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First day of HS

Posted by on Jun. 17, 2013 at 9:25 PM
  • 7 Replies
What should it be like? How should I start it? I feel like time is counting down and I still am not sure how I should start? Present material, etc. I have two I will be teaching. K and 1st. How do I teach two different grades? Lose doesn't even cover it.
by on Jun. 17, 2013 at 9:25 PM
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by on Jun. 17, 2013 at 9:34 PM

Teaching two kids that are close in age is actually easier than you would think at first. You can combine so many subjects for both kids to learn together: science, history, art, foreign language, music, etc. You will have to work on math and writing on different terms but that isn't so bad. I honestly don't know how to start with a K or 1st grade because we homeschool from birth and don't use grade standards. But I know many moms will pipe in with their experiences.

by on Jun. 18, 2013 at 6:34 AM

When you home school, the whole world is your classroom.  You can easily include a lesson  for all the children in many normal daily activities (or games...board games are excellent), and assign the children different parts of the activity  according to their abilities.  The following article will give you some ideas:

Whole Brain Teaching physically involves the children in the learning process. 

P.S. I taught both of my daughters, who were 3 years apart using this method.  I have tutored  as many as 6 children (1 K student, 1st grader,  2nd grader , & 3 6th graders) at the same time using this method.

by Bronze Member on Jun. 18, 2013 at 7:39 AM
I can't speak from experience with two or that age, but I build LO's learning around themes. He's four now with ASD so we started a lot earlier than most folks do, because he needed speech, OT, and a schedule to condition him to accept all the therapy he needs. Our first theme was apples because he was crazy about them then and I just built what I could into it. His manipulatives were large, apple shaped beads, he laced an apple shaped card, we made apple sauce, we looked at the parts of an apple, we read a Johnny Appleseed book, and we visited my dad's apple trees. I was able to combine textures, physical activity, fine motor skills, early letter recognition, and all kinds of things in there, and I am sure I could have added on for an older child. The themes (or units) can be more complex than apples, and can be historical figures, space, feelings, a language, art, plants, etc.

This homeschooling thing was really intimidating to me for a while, even well after I started, and it was complicated by the therapy my LO needs. Using a theme and building our activities into it makes it easier for me, like building an outline for writing, or looking at a map to plot a route. I know I need fine motor, speech, PE, OT, math, and pre-reading, which are mostly non-negotiable because of his ASD, plus breaks for him to lead his learning in our plan, so I shape my parts to fit the theme and let him take off from there. Do I think I will always use this format? Nope. It's already been challenged and he has restructured the plan to suit him to a degree. But I do think I can use it for the next few years, at least, and it is effectively meeting OUR needs as a homeschooling family while putting him well ahead of his previously projected arc. I know this format is nothing new and works quite well for kids without special needs.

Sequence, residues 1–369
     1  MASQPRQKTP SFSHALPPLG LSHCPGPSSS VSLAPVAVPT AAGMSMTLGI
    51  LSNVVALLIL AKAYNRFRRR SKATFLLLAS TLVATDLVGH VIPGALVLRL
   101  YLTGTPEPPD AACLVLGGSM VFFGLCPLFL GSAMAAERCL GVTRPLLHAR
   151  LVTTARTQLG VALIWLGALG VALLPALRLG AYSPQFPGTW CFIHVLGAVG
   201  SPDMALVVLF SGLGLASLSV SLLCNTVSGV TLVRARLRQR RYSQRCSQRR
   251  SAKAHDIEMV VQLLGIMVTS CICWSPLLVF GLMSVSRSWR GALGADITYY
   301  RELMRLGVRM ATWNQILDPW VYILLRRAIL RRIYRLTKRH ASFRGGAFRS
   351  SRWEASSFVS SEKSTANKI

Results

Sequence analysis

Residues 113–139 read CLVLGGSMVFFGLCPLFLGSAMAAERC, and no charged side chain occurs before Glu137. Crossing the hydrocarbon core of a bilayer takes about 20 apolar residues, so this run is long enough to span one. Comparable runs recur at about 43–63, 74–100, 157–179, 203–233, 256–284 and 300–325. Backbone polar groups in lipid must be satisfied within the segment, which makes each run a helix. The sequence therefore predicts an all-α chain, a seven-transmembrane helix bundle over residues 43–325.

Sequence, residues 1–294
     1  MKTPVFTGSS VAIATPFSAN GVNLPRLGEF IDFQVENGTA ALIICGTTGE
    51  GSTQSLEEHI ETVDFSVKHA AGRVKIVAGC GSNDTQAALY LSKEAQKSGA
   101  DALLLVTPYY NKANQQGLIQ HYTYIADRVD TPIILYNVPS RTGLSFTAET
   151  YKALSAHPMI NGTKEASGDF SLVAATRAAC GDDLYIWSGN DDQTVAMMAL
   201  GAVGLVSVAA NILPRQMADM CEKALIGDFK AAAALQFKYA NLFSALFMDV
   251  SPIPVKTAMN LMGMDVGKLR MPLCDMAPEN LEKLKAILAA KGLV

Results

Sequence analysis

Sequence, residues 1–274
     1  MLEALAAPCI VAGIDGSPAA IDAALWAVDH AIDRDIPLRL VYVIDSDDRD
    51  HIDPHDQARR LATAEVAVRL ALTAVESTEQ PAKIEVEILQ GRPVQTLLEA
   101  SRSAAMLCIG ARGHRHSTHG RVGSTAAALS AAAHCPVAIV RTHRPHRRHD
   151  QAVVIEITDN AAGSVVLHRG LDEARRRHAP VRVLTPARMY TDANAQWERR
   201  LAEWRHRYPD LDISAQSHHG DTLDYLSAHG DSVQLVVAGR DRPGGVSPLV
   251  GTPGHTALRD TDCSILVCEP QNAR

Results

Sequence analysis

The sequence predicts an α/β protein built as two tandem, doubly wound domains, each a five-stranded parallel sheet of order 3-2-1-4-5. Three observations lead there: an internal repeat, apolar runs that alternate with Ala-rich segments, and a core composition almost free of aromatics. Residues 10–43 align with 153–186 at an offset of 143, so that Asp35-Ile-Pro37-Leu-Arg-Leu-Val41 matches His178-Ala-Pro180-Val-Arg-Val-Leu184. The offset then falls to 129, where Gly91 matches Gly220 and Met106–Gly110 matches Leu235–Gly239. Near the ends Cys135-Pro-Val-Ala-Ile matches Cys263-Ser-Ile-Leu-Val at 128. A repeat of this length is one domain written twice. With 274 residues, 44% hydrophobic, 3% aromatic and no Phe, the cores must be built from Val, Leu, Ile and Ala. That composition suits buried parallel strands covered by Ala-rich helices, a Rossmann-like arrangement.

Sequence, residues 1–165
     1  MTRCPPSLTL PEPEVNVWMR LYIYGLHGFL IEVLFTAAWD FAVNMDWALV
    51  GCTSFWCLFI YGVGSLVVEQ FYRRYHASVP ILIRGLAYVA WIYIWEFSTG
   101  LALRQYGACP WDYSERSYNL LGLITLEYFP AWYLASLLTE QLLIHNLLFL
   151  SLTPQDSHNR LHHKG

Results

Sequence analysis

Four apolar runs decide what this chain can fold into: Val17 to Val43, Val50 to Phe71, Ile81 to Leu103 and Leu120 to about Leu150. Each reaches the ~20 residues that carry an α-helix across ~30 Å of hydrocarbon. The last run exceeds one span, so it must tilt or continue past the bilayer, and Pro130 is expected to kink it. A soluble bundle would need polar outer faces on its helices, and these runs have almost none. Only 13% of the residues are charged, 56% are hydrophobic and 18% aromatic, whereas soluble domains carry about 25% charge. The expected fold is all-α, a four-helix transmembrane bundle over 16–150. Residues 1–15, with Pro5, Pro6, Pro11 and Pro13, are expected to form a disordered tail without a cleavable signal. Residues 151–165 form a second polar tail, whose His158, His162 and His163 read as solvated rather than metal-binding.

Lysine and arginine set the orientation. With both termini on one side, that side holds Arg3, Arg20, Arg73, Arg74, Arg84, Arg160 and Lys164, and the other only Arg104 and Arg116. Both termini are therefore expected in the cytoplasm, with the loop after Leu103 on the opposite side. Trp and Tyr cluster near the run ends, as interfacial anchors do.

by Platinum Member on Jun. 18, 2013 at 9:48 AM
Well, I think to start the day with a routine is the best way to go. Start with some sort of morning meeting to help them get in the learning frame of mind.
by on Jun. 18, 2013 at 10:05 AM
Relax! :) just have fun. Decide if you want school at home or move of a living education. Then go from there. When we had school at home we had circle time to start the day, then alternated subjects with free play, snacks, lunch, etc.
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by Group Admin on Jun. 18, 2013 at 11:40 AM

 I have 3 (4, 6, and 8).  We start with a routine.  We talk about the day, date, weather, season, etc.  We say them in English and Spanish.  We say the Pledge, Our Father, and sing the Doxology.  Then we split up for individual lessons.

You'll figure out what works best.  Just try something.  You can always switch it around the next day if it doesn't suit you!

by on Jun. 18, 2013 at 12:29 PM

You have some great suggestions so I will just add to make sure it is fun & engaging no matter what you decide to do.

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